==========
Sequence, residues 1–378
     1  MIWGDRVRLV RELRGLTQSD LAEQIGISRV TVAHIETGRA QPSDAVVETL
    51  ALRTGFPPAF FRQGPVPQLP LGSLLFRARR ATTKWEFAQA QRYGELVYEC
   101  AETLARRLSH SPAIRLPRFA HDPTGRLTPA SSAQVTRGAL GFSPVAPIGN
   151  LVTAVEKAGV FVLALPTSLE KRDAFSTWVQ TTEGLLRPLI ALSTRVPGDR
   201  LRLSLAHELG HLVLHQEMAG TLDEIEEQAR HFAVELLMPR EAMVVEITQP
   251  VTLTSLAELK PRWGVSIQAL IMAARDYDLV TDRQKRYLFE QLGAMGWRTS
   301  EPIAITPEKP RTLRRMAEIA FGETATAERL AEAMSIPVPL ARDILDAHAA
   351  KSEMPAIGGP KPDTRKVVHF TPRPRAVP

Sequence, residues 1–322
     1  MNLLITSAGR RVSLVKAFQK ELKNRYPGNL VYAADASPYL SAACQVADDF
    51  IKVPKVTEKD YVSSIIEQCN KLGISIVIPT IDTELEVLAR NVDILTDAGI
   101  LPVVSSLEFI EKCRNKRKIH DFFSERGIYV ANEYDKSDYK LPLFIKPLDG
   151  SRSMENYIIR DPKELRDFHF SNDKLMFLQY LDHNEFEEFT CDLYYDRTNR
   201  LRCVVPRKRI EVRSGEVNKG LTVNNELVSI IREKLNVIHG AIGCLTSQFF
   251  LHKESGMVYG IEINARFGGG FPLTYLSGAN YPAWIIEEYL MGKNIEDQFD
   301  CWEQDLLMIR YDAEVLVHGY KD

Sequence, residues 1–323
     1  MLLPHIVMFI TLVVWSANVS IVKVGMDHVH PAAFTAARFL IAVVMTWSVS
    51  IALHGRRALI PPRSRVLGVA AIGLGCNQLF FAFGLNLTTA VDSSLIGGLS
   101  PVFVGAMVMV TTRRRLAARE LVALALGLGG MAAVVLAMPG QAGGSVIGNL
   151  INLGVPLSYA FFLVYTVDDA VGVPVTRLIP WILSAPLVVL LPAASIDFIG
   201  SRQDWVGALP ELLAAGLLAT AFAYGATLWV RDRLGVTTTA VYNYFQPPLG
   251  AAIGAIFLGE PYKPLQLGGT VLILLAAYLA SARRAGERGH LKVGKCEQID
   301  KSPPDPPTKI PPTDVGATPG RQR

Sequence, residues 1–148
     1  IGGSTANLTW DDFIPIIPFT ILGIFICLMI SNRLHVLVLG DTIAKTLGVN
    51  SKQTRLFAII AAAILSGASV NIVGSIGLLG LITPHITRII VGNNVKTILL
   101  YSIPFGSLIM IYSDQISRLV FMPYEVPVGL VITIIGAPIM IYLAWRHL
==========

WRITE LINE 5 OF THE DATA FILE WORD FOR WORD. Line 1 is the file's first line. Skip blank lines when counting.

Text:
   151  LVTAVEKAGV FVLALPTSLE KRDAFSTWVQ TTEGLLRPLI ALSTRVPGDR